| Boiling Point No. 13 - August 1987 |
UNITAR/UNDP CENTRE ON SMALL ENERGY RESSOURCES
The Centre's "Newsletter" reports on the role of the new organrzations in Rome as follows:
The energy problem of the Third World is complex and multifaceted; it includes the assessment of the needs and the evaluation of the available resources, as well as of the existing technical skills and local environmental and social conditions. Many developing countries have recognised that small indigenous energy resources, particularly the new and renewable ones, are and will continue to represent in the long run, an important element in the national energy supply system.
It is on the basis of these considerations that the Italian Government, which has always given a high priority to the energy sector in its development cooperation programs, has contributed to the setting up of the UNITAR/UNDP Centre on Small Energy Resources with the sincere intention of assisting the developing countries in becoming less dependent in their energy supply.
ENERGY FOR RURAL AND ISLAND COMMUNITIES 5TH INTERNATIONAL CONFERENCE
16 - 20 May 1988
University of Tasmania, Hobart, in conjunction with
ISLANDS '88 - CONFERENCES OF ISLANDS OF THE WORLD
Energy for Rural and Island Communities (ERIC V) will be of interest to all those involved with the use and supply of alternative and conventional energy for small isolated communities. Topics to be covered include renewable and fossil fuels, innovative small scale energy technology, commercial and administrative aspects of decentralised systems, surveys, policy and social benefits. This conference continues the highly successful series organised by the Energy Studies Unit, University of Strathclyde. The link with the Islands '88 Conference means it will be possible to interact with a wide cross- section of participants, from many disciplines, and take part in workshop sessions on tourism, economic development and human resources. The conferences theme is 'Toward's Self Reliance'.
For further information (offers of papers also welcome) please contact Dr John Todd, Centre for Environmental Studies, P O Box 252C, Hobart, Tasmania, 7001, Australia.
COOKSTOVE NEWSLETTER NO. I - APRIL
The Consortium on Rural Technology (CORT) is now established as the Indian Regional Centre of the Foundation of Woodstove Disseminations (FOOD) and has produced a newletter (address, D 320, Laxmi Nagar, Delhi 110092).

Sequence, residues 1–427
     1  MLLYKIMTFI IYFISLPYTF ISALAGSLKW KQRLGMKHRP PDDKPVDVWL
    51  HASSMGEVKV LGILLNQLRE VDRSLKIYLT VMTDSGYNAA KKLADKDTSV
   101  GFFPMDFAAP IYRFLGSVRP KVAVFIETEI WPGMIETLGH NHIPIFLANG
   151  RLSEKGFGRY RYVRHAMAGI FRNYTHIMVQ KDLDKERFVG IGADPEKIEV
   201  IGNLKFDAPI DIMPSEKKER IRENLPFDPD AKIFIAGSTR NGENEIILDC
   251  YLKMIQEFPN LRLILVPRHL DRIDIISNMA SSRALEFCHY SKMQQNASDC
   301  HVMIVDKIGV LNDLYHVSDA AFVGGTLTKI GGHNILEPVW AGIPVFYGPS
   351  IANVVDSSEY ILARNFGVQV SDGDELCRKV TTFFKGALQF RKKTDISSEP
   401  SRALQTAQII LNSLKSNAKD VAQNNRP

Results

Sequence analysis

It is a 10 page publication describing stove development in India and internationally and, in particular, outlining the programme for FOOD's second, international, 6 day workshop in Guatemala, now scheduled for 5th October. It will provide an opportunity for participants to learn about each other's strategies for disseminating improved woodfuel stoves. The programme has been designed to provide answers to two important questions "what has been the contributions of stove programmes to forest and energy conservations, health, women's productive activities etc.?" and "how can dissemination programmes be expanded and better integrated so as to increase contributions significantly?"
BRIQUETTING OF BIOMASS - DOES IT HAVE A FUTURE? |
Forum 27/28 November 1987, Rugby, UK
ITDG Biomass Panel
This is the first of a series of forums on topical biomass issues and will deal with densification techniques for fuel and the potential for cooking in the Third World. Despite numerous attempts, appropriate techniques have not yet been established.
The purpose of this forum, then, is to bring together a range of individuals involved in this type of project to consider, on a broad front, the options for future developments in biomass briquetting. Numbers are strictly limited, so early application is vital.
The forum starts at 4.30 pm on Friday 27 and ends at 1.30 pm on Saturday the 28. Friday supper and Saturday lunch will be provided. There will be no charge. Accommodation will be arranged with ITDG staff if requested. For invitations contact Ian McChesney, ITDG Biomass Panel, Myson House, Railway Terrace, RUGBY, CV21 3HT, UK.